Hal McCoy is the Real McCoy


By Vivian Blevins

Contributing columnist

Juneteenth 2023, and I’m interviewing Hal McCoy, Baseball Hall of Fame Class of 2003.

To make a connection with McCoy, I told him that back in 1969, I was a young professor at Urbana College, the yearbook adviser, and a member of the Convocations Committee. That was the year I met Jackie Robinson and was his campus escort. I knew nothing about baseball, but I knew Robinson was important, so I made certain he received a full page in the college yearbook.

I told McCoy that I was aware that Robinson reintegrated American baseball after a 60-year lapse. His response was “African Americans have improved the game immensely, and it’s beyond my comprehension that they were kept out so long.”

Several foci for the interview were of interest to me, but I decided I would ask him to share with my readers and me the most important African Americans who had played for the Cincinnati Reds.

I knew McCoy had spent 61 years as a journalist, had attended Kent State University on a baseball scholarship, and had graduated with a degree in journalism, but I wanted to know more. Where, for example, did he get his delightful sense of humor, unusual in sports journalism? His response, “I like to entertain. It helps people enjoy what I write, and it just comes natural for me.”

Within minutes, he was telling me how he chose journalism as a major. He was a senior at Akron East High School when Rose Picciotti, the adviser for the school newspaper, approached him, “Hal, you’re on the basketball team, right? We need a story on the team. If you write it, we’ll fix it up.”

McCoy agreed, and the following day, Picciotti approached him with the news that there was no need to “fix up” his story. She followed this critique with a question, “Have you ever considered journalism?” When he won a baseball scholarship to Kent State University and was required to declare a major, he remembered her words and indicated “Journalism” on the form and began writing for the student newspaper, “The Daily Kent Stater.” Before Kent State, he had assumed he would follow in his father’s footsteps and spend his work years at the Goodrich Tire and Rubber Company in Akron.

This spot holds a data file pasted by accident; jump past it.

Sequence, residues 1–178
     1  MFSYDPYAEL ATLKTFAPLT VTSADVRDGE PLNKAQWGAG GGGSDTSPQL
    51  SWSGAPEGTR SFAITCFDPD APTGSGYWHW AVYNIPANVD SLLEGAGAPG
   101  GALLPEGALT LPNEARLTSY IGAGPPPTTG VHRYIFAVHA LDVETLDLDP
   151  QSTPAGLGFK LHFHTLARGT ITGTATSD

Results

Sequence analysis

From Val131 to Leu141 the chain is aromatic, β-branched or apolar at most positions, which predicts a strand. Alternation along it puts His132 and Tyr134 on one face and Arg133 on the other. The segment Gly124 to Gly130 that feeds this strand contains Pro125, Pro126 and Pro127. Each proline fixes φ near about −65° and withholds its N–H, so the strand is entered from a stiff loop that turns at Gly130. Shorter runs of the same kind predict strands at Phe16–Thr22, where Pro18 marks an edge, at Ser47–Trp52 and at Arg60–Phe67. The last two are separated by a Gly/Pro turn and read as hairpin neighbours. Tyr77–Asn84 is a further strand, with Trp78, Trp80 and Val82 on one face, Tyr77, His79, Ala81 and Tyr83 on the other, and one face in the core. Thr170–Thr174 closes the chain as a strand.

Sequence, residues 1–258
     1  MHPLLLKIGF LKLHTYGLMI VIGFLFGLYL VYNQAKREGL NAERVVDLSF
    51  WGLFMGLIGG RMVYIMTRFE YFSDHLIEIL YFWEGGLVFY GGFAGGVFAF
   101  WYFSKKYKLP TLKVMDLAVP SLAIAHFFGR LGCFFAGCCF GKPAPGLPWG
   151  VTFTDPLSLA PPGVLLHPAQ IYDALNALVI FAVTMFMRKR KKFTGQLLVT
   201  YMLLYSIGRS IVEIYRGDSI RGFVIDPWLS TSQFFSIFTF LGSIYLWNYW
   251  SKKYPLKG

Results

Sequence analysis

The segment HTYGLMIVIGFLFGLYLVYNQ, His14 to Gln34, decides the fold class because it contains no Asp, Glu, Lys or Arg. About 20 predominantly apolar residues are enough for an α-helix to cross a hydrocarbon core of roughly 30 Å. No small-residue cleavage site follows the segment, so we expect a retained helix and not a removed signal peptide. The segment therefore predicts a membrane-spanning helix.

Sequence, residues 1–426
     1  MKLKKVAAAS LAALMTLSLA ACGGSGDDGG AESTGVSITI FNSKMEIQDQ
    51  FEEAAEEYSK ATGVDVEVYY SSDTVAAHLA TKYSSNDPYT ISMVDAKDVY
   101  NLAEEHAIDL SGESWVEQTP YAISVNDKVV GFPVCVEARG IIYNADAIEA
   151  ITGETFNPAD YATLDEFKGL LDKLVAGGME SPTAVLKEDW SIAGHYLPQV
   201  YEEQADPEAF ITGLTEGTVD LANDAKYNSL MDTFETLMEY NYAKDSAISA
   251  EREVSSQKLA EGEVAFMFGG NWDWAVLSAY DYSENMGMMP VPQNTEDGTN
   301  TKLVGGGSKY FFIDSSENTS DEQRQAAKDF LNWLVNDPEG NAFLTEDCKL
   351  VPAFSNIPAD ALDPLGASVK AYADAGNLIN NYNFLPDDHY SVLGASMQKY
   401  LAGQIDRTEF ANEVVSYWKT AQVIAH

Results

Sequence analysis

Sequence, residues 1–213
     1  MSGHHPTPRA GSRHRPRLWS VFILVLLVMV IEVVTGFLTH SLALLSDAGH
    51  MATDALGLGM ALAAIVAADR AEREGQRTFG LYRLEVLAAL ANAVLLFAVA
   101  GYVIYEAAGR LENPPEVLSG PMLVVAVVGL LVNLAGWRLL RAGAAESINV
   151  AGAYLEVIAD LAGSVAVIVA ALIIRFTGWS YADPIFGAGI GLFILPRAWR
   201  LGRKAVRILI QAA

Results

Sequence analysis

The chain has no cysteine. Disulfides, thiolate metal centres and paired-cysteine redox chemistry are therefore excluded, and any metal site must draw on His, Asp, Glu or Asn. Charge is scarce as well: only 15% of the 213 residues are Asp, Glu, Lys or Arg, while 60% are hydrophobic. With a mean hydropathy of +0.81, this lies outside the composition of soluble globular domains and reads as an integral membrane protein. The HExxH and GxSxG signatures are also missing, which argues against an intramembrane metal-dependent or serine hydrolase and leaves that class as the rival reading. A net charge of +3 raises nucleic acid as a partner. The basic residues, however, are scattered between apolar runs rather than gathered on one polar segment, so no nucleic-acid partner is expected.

Now 25,000 baseball stories later, McCoy begins to relate the stories of his favorite African American baseball players.

He liked Joe Leonard Morgan (1943-2020), second baseman and Hall of Famer. At 5 foot, 7 inches, Morgan was known as “Little Joe.” In 1978, rumors were afloat that he was going to be leave the Reds and become a free agent, so McCoy wrote a column with this “information.” Morgan’s response to McCoy was “Don’t ever try to talk to me again.” They didn’t speak for 35 years. They played doubles in tennis more than once and never spoke to each other. When McCoy was inducted into the Baseball Hall of Fame and his family members and friends were in attendance, Morgan greeted each of them but not McCoy- just brushed by him and never said a word.

In 2010, Morgan was serving as an adviser with the Reds and on a Sunday, both Morgan and McCoy were in the clubhouse when Morgan called out to McCoy, “Hey, Hal, I want to apologize. I was very childish.”

McCoy’s response was, “I’ve been very childish, too. I have always respected you as a player and a man.”